The soccer coach came off the field, soaked in sweat. It was hot. He’d just run a unique session, training a small group of players who remained six feet apart at all times. Afterward, he wiped down cones.
He could not have been happier.
It was his first time on the field with his club team – well, some of them – since the coronavirus struck. It was a step in the right direction, despite the many written rules and regulations, and the many more unvoiced (or unknown) questions lingering in the youth soccer air.
The strange new world the club coach entered is the same one high school coaches will navigate (they hope) this fall. Though final decisions on the scope and shape of interscholastic sports are a few weeks away, many state athletic associations are poring over the guidelines published recently by the National Federation of State High School Associations.
Last week, Soccer America examined those recommendations. For coaches and administrators, they raised almost as many questions as they answered. Across the country, coaches wonder:
If temperature checks are needed, who will do them?
If masks are required, will that hinder players? Or coaches, and referees?
Will equipment need to be sanitized? If so, what equipment? Who does it? Must every player bring their own pinnies every day? There has been talk about each playing having their own ball. Is that realistic for, say, shooting drills? Can players move goals? Each player should bring their own water bottle -- but what about that big cooler they all fill them from?
Will players need more time to get fit? Despite coaches’ encouraging texts and emailed training regimens, many teenagers have not touched a soccer ball since mid-March. Some have not even run. Reaching game fitness may take longer than usual.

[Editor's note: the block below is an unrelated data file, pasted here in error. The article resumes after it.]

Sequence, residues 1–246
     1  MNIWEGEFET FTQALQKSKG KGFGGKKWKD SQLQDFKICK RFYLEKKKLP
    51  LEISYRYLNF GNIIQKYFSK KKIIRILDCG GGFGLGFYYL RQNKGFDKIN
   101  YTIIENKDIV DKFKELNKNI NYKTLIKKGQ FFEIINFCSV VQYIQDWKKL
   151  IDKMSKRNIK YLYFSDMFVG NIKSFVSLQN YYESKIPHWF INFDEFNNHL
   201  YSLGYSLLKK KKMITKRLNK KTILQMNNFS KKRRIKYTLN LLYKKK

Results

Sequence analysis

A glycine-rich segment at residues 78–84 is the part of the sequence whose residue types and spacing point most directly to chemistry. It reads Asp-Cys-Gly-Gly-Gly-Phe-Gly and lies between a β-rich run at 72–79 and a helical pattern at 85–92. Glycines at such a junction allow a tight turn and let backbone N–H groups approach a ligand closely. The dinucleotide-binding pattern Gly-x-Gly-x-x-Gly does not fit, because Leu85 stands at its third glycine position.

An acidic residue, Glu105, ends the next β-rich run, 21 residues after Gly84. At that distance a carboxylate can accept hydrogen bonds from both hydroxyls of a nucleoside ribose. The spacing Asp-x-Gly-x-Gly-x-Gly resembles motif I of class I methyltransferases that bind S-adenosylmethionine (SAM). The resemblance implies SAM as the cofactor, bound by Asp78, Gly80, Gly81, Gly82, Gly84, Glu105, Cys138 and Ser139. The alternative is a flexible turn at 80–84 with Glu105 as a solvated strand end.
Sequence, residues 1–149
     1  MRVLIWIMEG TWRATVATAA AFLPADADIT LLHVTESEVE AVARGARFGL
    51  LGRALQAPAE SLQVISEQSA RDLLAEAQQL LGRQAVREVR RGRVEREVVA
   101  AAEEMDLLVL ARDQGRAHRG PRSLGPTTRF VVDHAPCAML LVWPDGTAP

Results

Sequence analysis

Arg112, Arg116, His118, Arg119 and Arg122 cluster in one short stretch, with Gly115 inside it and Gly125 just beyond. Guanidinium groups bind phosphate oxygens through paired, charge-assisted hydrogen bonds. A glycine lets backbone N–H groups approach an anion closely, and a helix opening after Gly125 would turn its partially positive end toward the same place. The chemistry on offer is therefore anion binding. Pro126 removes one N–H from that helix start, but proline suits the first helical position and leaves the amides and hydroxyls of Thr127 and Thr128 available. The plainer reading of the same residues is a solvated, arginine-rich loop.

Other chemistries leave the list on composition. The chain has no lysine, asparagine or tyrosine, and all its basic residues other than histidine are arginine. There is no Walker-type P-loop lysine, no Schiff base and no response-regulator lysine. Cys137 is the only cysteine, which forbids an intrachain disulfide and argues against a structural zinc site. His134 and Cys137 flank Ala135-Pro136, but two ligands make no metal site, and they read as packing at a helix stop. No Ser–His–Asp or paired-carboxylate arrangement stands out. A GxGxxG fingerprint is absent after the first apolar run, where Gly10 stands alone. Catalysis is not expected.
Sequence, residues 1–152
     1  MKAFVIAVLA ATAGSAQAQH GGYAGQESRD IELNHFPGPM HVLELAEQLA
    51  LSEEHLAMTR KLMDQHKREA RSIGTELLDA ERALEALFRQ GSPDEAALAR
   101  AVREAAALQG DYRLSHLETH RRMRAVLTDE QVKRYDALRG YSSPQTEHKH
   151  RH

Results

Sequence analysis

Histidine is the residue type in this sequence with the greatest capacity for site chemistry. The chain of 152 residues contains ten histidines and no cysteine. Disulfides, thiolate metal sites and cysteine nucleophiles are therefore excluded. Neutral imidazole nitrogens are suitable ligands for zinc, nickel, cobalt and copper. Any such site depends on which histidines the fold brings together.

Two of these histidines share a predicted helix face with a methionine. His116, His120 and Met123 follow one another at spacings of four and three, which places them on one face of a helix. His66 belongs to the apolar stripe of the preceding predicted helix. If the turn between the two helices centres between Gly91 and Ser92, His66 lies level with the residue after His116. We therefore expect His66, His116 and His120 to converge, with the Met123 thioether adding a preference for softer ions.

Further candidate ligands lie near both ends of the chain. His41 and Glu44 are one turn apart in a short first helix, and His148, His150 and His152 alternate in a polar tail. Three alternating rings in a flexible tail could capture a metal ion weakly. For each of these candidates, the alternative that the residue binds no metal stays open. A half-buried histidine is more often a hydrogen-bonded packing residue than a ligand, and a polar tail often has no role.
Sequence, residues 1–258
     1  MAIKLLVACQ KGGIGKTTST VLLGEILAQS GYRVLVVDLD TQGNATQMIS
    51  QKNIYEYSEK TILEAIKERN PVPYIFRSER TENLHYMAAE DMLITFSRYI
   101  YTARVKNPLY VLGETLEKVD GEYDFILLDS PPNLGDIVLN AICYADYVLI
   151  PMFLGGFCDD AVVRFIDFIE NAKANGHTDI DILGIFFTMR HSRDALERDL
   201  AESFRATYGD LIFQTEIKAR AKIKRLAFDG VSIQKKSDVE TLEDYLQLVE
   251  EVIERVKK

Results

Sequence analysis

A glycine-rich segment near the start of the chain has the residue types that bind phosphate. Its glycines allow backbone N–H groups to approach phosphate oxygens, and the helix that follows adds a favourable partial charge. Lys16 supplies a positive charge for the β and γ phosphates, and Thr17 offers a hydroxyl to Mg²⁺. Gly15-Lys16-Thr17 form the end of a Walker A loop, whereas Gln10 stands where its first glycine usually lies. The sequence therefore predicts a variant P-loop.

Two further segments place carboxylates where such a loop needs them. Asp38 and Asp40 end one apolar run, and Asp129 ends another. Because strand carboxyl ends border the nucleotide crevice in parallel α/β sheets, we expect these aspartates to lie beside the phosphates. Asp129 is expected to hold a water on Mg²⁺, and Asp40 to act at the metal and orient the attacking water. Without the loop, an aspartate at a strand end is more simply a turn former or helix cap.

How effective can training be during social distancing? There are only so many hours to spend on individual or small-group drills. Eventually, players must play. Will the powers-that-be understand the realities of a soccer training session?
What about trainers? They’re on the front lines, in direct physical contact with athletes. Should they wear full PPE? Who provides that? What about crowded training rooms? How can numbers be limited during the always-crowded pre-training time? If an athlete exhibits COVID symptoms, must everyone on every other team who was in that training room self-isolate?
Speaking of isolating, what’s the protocol if a member of an athlete’s family becomes sick? Must he or she be quarantined? What about teammates?
Who enforces social distancing in locker rooms? What happens to practice schedules if only a few players are allowed in at a time?
Weight rooms are “high-touch” facilities. Do schools have the staff and ability to clean them, and monitor their use?
The NFHS recommended using more buses, to avoid close contact. How realistic is that? Who bears the added cost? If varsity and sub-varsity teams always travel together, will this eliminate sub-varsity programs? Can parents drive players to away games? Can athletes drive themselves? (Not very likely!)
Blowing whistles is discouraged. Does that mean officials will carry air horns?!
What happens if spectators are banned? It’s one thing for the Bundesliga to play without fans. What’s the effect of telling high school parents, siblings and friends that they can’t watch? Will that change the game? (Or might it, in some way, make competition “better”?)
Will social distancing rules affect fundraising? Car washes, bake sales and the like help programs thrive. Will they be banned too?
Unequal resources are a sad fact of American education. What happens to a league if some schools are able to comply with the new restrictions, but others cannot?
But the biggest unknown has nothing to do with training or games. It’s one that keeps many coaches up at night: How will school administrators, parents and players react to the “new normal”?
Will athletic directors look at the many new rules and regulations, and decide high school soccer is just not worth the trouble this year? Will parents be worried about sending their children into an unknown environment, or request even more changes than the NFHS and state associations recommend? Who determined legal liabilities, if a player, coach or official gets sick?
Will some players – in the time they’ve spent away from the game – decide it’s no longer important to them? If high school soccer is no longer “high school soccer,” what happens to programs in the years to follow?
Soccer coaches pride themselves “letting the game be the teacher.” In the weeks and months to come, they’ll learn far more about soccer –and themselves – than they ever imagined.